Why you should avoid ‘black henna' tattoos

Those temporary black henna tattoos may look super cool, but they could seriously mess up your skin. Because they may not actually be made from henna.

The U.S. Food and Drug Administration issued an alert on Monday saying that the temporary tattoos, when made from “black henna,” could result in adverse reactions.


The FDA explains what's going on and what "black henna" is really made of:

You may be familiar with henna, a reddish-brown coloring made from a flowering plant that grows in tropical and subtropical regions of Africa and Asia. Since the Bronze Age, people have used dried henna, ground into a paste, to dye skin, hair, fingernails, leather, silk and wool. This decoration—sometimes also known as mehndi—is still used today around the world to decorate the skin in cultural festivals and celebrations.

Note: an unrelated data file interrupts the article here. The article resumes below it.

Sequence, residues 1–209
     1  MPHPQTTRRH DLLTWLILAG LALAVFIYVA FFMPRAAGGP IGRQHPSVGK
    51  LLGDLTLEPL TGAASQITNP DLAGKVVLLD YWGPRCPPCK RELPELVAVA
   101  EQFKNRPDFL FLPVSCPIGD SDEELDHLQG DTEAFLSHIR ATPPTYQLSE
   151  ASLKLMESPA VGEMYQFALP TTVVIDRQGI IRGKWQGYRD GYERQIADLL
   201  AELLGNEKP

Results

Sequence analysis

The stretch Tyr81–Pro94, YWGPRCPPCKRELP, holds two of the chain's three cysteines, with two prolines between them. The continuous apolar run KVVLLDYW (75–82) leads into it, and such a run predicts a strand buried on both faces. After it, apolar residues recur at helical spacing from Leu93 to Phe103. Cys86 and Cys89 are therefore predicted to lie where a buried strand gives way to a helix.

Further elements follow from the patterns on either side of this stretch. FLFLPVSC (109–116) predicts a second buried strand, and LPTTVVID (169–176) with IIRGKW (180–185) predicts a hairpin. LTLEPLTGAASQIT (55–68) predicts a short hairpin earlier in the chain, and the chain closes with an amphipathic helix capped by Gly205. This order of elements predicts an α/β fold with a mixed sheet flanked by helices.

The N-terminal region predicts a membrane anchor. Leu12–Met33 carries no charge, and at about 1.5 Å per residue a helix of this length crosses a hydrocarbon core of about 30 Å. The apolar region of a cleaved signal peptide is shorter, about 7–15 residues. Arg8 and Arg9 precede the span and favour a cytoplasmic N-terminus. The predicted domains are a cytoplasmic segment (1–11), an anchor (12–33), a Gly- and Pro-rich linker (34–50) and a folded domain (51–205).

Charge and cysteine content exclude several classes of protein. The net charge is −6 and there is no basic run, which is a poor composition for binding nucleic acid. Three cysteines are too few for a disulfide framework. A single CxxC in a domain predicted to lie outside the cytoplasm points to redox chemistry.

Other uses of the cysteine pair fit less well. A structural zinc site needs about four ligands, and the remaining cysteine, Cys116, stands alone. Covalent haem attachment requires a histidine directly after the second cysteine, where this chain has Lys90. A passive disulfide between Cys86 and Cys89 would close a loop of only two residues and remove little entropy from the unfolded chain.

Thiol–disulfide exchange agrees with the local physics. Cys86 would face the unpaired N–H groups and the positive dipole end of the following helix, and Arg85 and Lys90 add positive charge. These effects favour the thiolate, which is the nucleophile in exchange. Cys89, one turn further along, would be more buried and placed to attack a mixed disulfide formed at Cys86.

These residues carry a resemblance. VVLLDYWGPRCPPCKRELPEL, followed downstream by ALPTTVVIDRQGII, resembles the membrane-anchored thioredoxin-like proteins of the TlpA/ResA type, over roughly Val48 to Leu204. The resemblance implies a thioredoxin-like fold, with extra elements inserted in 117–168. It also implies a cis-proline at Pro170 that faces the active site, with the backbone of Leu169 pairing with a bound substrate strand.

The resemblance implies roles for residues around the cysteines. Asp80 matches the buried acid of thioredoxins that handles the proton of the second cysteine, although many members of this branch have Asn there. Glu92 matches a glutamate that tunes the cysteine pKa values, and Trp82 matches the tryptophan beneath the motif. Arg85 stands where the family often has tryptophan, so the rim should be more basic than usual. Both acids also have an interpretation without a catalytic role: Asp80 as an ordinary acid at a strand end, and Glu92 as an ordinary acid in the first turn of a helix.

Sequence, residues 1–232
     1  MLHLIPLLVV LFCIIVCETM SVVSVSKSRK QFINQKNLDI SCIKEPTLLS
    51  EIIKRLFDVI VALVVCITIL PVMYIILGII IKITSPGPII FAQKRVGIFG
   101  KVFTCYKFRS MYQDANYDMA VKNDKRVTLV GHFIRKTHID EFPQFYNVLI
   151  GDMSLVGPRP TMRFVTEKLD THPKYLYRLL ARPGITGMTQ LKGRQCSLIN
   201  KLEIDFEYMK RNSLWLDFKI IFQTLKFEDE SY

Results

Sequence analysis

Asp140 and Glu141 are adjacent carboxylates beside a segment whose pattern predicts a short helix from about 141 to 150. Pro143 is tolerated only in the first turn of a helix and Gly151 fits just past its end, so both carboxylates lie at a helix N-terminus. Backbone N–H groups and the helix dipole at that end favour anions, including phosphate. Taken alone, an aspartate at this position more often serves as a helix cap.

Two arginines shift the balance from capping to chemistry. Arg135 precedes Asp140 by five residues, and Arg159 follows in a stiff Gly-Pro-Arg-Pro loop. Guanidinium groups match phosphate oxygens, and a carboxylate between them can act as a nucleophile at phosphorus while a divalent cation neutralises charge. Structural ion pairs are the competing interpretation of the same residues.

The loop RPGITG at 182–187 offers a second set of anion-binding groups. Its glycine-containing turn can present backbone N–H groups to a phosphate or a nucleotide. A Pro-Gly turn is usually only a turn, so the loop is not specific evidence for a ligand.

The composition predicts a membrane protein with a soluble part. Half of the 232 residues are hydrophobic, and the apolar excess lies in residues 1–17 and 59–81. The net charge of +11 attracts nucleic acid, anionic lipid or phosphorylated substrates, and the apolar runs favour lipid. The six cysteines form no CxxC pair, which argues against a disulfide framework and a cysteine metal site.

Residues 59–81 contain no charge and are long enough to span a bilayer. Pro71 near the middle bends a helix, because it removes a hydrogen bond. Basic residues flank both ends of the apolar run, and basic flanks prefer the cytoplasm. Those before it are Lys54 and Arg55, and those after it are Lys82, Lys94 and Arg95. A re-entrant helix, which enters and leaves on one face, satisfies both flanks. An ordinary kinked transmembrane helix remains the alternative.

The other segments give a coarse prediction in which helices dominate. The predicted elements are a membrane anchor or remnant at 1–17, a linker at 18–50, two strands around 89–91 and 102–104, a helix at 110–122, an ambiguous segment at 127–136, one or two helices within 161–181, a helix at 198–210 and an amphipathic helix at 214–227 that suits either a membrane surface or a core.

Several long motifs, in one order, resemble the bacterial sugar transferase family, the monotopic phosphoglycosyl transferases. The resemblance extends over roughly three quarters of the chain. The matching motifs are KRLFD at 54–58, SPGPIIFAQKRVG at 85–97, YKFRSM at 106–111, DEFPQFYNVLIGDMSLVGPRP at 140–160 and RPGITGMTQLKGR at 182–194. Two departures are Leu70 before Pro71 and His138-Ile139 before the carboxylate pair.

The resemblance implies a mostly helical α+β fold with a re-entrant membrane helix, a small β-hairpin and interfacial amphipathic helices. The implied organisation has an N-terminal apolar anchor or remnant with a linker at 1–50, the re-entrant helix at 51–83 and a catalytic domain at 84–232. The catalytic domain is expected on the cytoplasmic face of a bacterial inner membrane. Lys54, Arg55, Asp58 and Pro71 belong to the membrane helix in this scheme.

However, today so-called "black henna" is often used in place of traditional henna. Inks marketed as black henna may be a mix of henna with other ingredients, or may really be hair dye alone. The reason for adding other ingredients is to create a tattoo that is darker and longer lasting, but use of black henna is potentially harmful.

That's because the extra ingredient used to blacken henna is often a coal-tar hair dye containing p-phenylenediamine (PPD), an ingredient that can cause dangerous skin reactions in some people. Sometimes, the artist may use a PPD-containing hair dye alone. Either way, there's no telling who will be affected. By law, PPD is not permitted in cosmetics intended to be applied to the skin.

Reactions can include blisters, redness, sensitivity to sunlight, raised red weeping lesions, and permanent scarring.


According to MedWatch, there have been numerous reports from people who have reacted poorly to the tattoos, including a case involving a 5-year old girl who developed extremely severe reddening two weeks after:

"What we thought would be a little harmless fun ended up becoming more like a nightmare for us," the father says. "My hope is that by telling people about our experience, I can help prevent this from happening to some other unsuspecting kids and parents."


More at the FDA here and here.

Images: Shutterstock/Olena Zaskochenko; FDA.


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